Thanks to US Anti-monopoly (anti-trust) laws, most industries here, now, end in an Oligopoly, not a true monopoly. You can see this game playing out as both the USA and EU have government bodies set up to regulate the degree to which one company can buy up all the competition. IMHO, it isn’t nearly as effective as it ought to be, but it is what we have. Today, media companies and drug companies (pharmacies) are in roll-up mode. Goldman Sachs has a large department for “Mergers and Acquisitions” as they make huge fees from it. There are $Billions spent to try to bypass restrictions and increase “concentration” first into an Oligopoly and then as close to Monopoly as the industry can reach without government intervention. The fewer the players, the greater the monopoly excess profits can be made by screwing over suppliers, the retail chain, and the end customer.
Which leads us to Monopsony.
That intro to econ dictionary oddly ommits this one, so we’re going to:
for a definition:
A monopsony, sometimes referred to as a buyer’s monopoly, is a market condition similar to a monopoly except that a large buyer, not a seller, controls a large proportion of the market and drives prices down.
A monopsony occurs when a single firm has market power in employing its factors of production. It acts as a sole purchaser for multiple sellers, driving down the price of seller inputs through the amount of quantity that it demands.
Very large monopoly producers often try to also act as monopsony buyers of their inputs. This will sometimes lead to “vertical integration” as they drive a supply to poverty then buy up the assets. Sometimes it simply results in the destruction of suppliers or the reduction of their profits to “survival level”.
A decade or three back, the “Big Three” auto makers went the other way. They spun out their parts making subsidiaries. Why do that? So that they could avoid the union costs in those parts makers, and since they would have a monopsony relationship to them (who but GM will be buying GM alternators in bulk?) could assure the profits were concentrated in the parent company. Watching for monopoly and monopsony strategies explains much of the M&A business.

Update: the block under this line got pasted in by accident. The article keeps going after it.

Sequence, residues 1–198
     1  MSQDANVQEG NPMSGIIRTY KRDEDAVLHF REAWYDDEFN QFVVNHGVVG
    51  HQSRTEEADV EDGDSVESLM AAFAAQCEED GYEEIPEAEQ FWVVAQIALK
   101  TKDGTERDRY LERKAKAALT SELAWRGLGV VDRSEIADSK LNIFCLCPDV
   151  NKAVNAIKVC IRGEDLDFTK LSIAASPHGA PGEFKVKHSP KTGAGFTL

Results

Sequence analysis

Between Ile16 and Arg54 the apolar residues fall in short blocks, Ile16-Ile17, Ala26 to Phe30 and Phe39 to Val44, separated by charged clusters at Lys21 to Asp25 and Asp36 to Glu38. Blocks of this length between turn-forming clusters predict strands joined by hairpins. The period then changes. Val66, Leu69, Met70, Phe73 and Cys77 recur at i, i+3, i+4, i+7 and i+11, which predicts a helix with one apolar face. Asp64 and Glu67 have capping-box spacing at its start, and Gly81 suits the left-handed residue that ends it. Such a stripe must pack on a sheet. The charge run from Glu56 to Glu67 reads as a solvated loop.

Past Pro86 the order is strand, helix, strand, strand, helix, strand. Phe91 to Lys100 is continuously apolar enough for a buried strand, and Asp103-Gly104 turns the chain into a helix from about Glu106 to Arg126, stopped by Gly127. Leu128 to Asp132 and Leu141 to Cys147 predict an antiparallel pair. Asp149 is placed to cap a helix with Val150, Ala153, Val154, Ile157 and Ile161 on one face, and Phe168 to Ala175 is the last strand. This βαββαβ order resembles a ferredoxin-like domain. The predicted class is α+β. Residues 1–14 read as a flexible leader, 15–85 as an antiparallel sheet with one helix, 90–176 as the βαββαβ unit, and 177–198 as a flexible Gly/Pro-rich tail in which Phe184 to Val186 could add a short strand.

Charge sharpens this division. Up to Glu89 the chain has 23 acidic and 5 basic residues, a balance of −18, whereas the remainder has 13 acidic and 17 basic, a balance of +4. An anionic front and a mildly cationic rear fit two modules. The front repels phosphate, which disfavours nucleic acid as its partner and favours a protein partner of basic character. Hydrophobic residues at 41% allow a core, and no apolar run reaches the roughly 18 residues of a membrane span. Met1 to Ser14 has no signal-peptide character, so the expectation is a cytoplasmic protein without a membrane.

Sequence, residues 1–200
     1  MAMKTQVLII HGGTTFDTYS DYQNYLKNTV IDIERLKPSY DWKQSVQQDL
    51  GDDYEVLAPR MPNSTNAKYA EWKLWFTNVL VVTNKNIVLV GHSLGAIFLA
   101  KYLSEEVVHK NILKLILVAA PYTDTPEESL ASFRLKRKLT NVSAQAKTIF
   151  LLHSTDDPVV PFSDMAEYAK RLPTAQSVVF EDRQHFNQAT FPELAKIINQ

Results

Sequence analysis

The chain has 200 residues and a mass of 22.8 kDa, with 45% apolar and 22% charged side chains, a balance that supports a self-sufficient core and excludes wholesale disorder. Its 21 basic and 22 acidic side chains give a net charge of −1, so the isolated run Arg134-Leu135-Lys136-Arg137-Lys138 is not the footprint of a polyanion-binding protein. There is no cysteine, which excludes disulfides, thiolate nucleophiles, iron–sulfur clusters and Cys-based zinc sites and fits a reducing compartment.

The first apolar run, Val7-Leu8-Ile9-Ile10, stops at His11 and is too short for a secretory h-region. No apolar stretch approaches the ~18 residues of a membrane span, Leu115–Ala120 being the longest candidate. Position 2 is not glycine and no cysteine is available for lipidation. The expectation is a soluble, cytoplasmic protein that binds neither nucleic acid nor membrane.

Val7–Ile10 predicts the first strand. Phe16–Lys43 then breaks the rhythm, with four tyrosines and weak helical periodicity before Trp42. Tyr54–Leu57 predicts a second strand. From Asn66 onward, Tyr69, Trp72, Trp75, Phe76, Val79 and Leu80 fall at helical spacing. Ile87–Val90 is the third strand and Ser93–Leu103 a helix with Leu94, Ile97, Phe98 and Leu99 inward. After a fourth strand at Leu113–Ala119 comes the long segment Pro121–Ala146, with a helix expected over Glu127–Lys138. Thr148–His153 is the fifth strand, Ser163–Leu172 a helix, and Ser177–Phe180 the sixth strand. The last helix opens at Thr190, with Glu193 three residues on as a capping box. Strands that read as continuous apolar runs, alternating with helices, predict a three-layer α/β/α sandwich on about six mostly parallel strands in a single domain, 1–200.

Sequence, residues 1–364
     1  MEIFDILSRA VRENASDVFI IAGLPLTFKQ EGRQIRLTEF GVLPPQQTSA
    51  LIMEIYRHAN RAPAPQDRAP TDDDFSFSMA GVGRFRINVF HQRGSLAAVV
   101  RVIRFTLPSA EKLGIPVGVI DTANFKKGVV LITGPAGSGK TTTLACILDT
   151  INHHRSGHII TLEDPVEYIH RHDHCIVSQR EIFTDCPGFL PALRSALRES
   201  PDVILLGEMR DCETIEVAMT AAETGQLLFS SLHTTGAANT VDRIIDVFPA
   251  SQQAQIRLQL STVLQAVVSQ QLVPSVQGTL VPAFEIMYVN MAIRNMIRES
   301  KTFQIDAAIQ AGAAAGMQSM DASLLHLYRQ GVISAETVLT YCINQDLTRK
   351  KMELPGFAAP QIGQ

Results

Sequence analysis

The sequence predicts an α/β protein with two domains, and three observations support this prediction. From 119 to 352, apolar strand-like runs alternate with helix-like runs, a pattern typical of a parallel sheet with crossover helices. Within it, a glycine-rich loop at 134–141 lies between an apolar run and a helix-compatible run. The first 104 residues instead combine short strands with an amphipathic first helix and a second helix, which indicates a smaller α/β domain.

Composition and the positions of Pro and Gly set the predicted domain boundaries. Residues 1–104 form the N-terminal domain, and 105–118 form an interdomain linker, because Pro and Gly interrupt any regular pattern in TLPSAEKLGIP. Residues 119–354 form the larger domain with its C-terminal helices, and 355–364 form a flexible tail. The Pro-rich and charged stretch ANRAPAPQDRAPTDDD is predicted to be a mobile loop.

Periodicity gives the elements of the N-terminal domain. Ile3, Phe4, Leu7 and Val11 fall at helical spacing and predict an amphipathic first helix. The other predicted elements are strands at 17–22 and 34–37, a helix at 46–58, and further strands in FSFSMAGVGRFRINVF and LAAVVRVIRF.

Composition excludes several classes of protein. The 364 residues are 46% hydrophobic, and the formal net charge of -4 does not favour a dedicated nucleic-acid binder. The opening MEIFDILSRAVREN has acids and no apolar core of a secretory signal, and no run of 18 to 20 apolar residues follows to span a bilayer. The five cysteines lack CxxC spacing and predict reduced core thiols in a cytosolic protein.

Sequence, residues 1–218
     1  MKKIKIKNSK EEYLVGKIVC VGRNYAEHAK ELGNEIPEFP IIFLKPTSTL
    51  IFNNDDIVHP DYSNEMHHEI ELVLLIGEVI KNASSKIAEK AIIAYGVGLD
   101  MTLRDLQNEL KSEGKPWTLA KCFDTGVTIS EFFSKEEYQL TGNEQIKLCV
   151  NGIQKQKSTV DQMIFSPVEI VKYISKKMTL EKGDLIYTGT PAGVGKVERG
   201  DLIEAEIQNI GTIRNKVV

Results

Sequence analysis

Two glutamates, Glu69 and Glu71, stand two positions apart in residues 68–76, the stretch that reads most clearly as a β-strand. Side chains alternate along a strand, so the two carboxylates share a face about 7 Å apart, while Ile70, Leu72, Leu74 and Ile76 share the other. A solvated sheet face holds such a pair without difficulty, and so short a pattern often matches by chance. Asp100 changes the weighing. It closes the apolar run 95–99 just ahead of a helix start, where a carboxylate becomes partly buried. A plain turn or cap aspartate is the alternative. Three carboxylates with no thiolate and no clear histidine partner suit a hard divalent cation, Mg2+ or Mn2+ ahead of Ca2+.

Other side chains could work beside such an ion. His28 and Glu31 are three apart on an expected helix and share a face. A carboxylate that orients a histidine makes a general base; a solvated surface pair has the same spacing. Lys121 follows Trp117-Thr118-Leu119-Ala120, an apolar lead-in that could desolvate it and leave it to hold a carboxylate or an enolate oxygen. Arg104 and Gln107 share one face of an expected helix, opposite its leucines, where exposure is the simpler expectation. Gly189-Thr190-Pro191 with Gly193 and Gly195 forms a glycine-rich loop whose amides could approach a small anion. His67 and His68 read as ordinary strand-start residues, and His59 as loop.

Sears was, at one time, notorious for this. They would pick someone to supply, say, washing machines. They would make ever larger buys until the company had 50% or even more of their production dedicated to Sears. Sears would threaten to cut orders if the company could not supply the whole amount ( i.e. make sure they were bound only to Sears and had dropped other customers in favor of Sears) then, when the supplier production was essentially captured, they would demand a very very low price. The supplier now faced bankruptcy due to a sudden loss of the majority of their sales, or survival, but at very low profitability (or potentially no profit). I don’t know their present status.
Similarly, a large coal mine in a “one mine town” is the monopsony buyer of miners in that region. Thus all the history of “company stores” and related abuses of miners. Oddly, the “fix” was to form labor unions for miners so that they had some local monopoly power to offset that monopsony abuse.
For some reason, the general populace don’t pay much attention to Monopsony, but it is joined at the hip with Monopoly and Oligopoly power and policies.
There are certain things Monopolies, Oligopolies and even Monopolistic Competition try to do that are in fact very bad for the customer and the market structure in general. These are called “Monopoly Practices”. The exact set of things that can be stuffed into that definition can vary by nation, and as folks are creative, more get dreamed up from time to time. I’m going to point the set in the USA (bolding done by me):
Antitrust Laws And You
Many consumers have never heard of antitrust laws, but enforcement of these laws saves consumers millions and even billions of dollars a year. The Federal Government enforces three major Federal antitrust laws, and most states also have their own. Essentially, these laws prohibit business practices that unreasonably deprive consumers of the benefits of competition, resulting in higher prices for products and services.
The three major Federal antitrust laws are:
The Sherman Antitrust Act
The Clayton Act
The Federal Trade Commission Act.
The following information on these laws comes from the Antitrust Enforcement and the Consumer guide.
The Sherman Antitrust Act
This Act outlaws all contracts, combinations, and conspiracies that unreasonably restrain interstate and foreign trade. This includes agreements among competitors to fix prices, rig bids, and allocate customers, which are punishable as criminal felonies.
The Sherman Act also makes it a crime to monopolize any part of interstate commerce. An unlawful monopoly exists when one firm controls the market for a product or service, and it has obtained that market power, not because its product or service is superior to others, but by suppressing competition with anticompetitive conduct.
The Act, however, is not violated simply when one firm’s vigorous competition and lower prices take sales from its less efficient competitors; in that case, competition is working properly.
The Clayton Act
This Act is a civil statute (carrying no criminal penalties) that prohibits mergers or acquisitions that are likely to lessen competition. Under this Act, the Government challenges those mergers that are likely to increase prices to consumers. All persons considering a merger or acquisition above a certain size must notify both the Antitrust Division and the Federal Trade Commission. The Act also prohibits other business practices that may harm competition under certain circumstances.
The Federal Trade Commission Act